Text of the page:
“Concrete finishing and stamping was a skill set that a key employee of ours had come to us with. Another landscape construction crew member also had previous concrete experience. So it made a lot of sense for us to specialize in decorative concrete, along with landscape construction,” explains Meeshka Bernabe Brand, vice president of Northwest Construction Landscape.

Central Coast Landscape releases cool-weather gardening tips

Central Coast Landscape Products Inc.

–The landscape supply Paso Robles’ specialists at Central Coast Landscape Products have released a recent Fall/Winter report on ways that home gardeners can winterize their landscapes to prevent hefty landscaping bills in 2016.

The winter months on the Central Coast are relatively mild, but with average lows dipping into the upper 50s, sensitive plants can take a beating from November through January. Their thorough report describes five simple strategies homeowners can take to prevent their beautiful landscapes from being destroyed in the fall and the winter.

Central Coast Landscape – the leading provider of landscape supplies Paso Robles’ residents have depended on since 2006, suggest these winter-proof tips and tricks:

Plant several fall-friendly shrubs and flowers

It is still possible to plant in the cool Fall months. In fact, plants like chrysanthemums are great fall additions to any garden or landscape. Pansies can also be planted in the October months and will bloom again in the Spring as the weather warms. Adding these colorful and durable fall plants can add just the pop of color one may need to make it through the dreary winter months.

Consider the Spring plant lineup now

This is also an important time to add to a spring garden. “Look for bulbs and perennials that will bloom in the Spring, including tulips, daffodils, hyacinth, and peonies,” the landscape supply Paso Robles’ gardening professionals suggest. Vegetables like garlic and shallot can also be planted in the Fall.

Don’t forget about the perennials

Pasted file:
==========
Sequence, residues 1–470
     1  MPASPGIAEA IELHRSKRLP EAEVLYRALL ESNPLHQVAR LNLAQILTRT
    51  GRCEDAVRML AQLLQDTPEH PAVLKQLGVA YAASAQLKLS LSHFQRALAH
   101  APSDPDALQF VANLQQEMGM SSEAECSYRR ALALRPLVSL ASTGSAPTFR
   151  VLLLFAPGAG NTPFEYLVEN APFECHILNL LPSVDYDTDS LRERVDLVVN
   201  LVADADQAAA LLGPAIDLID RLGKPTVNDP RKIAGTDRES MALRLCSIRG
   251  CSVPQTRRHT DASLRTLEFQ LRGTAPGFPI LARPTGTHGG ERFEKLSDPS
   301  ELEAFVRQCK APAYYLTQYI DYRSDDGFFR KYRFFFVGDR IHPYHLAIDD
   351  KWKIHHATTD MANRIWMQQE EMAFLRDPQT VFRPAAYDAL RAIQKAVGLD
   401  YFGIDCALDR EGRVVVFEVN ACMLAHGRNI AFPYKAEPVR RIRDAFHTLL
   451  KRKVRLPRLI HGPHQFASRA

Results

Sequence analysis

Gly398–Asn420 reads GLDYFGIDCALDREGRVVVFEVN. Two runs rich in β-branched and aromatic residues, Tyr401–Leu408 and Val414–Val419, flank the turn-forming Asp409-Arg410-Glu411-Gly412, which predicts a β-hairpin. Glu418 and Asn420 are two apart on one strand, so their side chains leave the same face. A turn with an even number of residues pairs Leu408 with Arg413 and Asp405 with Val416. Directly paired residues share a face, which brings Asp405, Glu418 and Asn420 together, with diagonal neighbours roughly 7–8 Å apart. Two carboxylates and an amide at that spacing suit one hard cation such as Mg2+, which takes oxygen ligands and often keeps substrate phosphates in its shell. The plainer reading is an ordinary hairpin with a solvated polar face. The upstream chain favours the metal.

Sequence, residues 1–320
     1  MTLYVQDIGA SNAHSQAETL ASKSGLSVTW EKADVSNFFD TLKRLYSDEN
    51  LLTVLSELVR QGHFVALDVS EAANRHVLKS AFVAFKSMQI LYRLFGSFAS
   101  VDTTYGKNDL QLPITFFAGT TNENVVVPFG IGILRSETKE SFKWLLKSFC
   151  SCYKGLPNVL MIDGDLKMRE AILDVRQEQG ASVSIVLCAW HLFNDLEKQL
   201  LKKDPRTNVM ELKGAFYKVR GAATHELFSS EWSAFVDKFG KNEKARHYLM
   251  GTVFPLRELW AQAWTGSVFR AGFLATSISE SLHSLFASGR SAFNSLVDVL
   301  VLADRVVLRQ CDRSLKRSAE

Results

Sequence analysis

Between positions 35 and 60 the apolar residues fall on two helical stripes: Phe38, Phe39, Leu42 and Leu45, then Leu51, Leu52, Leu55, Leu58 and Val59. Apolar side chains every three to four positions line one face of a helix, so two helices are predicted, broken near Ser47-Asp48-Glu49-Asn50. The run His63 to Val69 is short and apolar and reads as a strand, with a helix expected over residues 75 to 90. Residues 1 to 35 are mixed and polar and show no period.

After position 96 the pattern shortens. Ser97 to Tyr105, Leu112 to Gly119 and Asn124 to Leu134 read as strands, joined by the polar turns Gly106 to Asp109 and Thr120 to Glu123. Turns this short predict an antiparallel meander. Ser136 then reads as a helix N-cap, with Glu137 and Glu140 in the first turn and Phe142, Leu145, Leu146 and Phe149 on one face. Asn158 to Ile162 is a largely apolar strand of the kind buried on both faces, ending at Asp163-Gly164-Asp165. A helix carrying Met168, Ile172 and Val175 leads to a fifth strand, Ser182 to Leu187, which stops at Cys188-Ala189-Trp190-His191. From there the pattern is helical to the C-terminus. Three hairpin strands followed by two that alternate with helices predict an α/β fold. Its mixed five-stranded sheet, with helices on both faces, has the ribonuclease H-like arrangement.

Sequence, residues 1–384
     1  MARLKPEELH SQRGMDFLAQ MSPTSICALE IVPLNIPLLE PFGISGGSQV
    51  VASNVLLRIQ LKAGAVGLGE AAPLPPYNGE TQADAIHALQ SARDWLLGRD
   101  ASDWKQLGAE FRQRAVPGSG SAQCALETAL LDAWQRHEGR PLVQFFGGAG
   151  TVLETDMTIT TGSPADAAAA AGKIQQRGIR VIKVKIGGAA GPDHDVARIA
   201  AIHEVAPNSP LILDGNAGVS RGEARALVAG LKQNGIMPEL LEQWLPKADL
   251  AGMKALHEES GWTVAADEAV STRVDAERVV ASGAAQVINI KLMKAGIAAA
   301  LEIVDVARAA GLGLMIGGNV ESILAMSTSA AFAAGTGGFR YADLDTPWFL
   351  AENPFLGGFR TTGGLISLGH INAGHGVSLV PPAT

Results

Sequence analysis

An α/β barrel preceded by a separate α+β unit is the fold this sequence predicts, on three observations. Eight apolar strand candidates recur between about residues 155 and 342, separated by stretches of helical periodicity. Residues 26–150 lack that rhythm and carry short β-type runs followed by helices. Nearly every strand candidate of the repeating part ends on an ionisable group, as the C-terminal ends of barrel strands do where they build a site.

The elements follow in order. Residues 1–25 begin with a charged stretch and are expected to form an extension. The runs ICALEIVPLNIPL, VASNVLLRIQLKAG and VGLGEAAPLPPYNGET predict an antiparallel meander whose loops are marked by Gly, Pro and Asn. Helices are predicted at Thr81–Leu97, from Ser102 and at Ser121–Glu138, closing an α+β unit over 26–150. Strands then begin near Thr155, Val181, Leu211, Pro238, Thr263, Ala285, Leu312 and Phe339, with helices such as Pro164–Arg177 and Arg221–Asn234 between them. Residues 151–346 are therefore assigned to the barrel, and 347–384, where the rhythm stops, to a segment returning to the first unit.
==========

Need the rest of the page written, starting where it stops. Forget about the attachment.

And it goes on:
This may be time to do some “Fall cleaning.” Examine the perennials that are currently in the garden. If parts of plants that are doing well while other parts are dying, now is the time to break them apart and replant them in new holes. Be sure to remove and discard any diseased or dead plants. Adding chopped leaves to the mulch beds of perennials can add an extra layer of protection for the plants and for the surrounding soil.

Be proactive – weed now and save later

As the weather cools, this is a great time for weeding. Getting rid of extra weeds now will lower the Spring maintenance that will be required – leading to measurable cost savings for homeowners.

Don’t throw it away – start composting

The winter is a great time to start a compost pile. Be sure to winterize compost piles by erecting or covering it with a roof or tarp to protect it from the elements. To maintain a good balance of nutrients add food waste, plant trimmings, and leaves – remember the smaller the added materials are, the better the compost pile will develop. Central Coast Landscape Products representatives say that gardeners should take the time to shred and tear any materials they add to their compost pile. There is no need to turn or rotate the compost pile in the winter. Keeping it stationary will help to insulate it from the cold temperatures.

Following these suggestions can mean a lower landscaping bill next April and May and can save a garden or picturesque landscape from being destroyed. The landscape supply Paso Robles’ team of gardening and landscaping professionals at Central Coast Landscape Products are available to help begin winterizing and protecting gardens across the Central Coast.

For a free consultation contact Central Coast Landscape Products at (805) 595-3478.

Central Coast Landscape Products, Inc
445 Prado Road
San Luis Obispo, CA 93401
(805) 595-3478

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Simple Gardening Tips For Winter

Gardening is a great thing to do that can, for sure, enhance your creativity. Winter is the season of flowers and vegetables. If you want a kitchen garden or a flower bed to enhance the beauty of your house, this is the season you’ve been waiting for.

But, you also need to pay special attention to your plants. Otherwise, your garden can look tattered.

With simple gardening tips for winter, you can plan your garden with lively green vegetables and colourful flowers.

One of the most important winter care tips for plants is to clean and cover up your garden. Frost and snow fall can be other enemies for your plants during winter. If you want to see your plants healthy and happy during winter, you need to plan ahead. Initially, you should clear out the unhealthy and blackened stems from the foliage.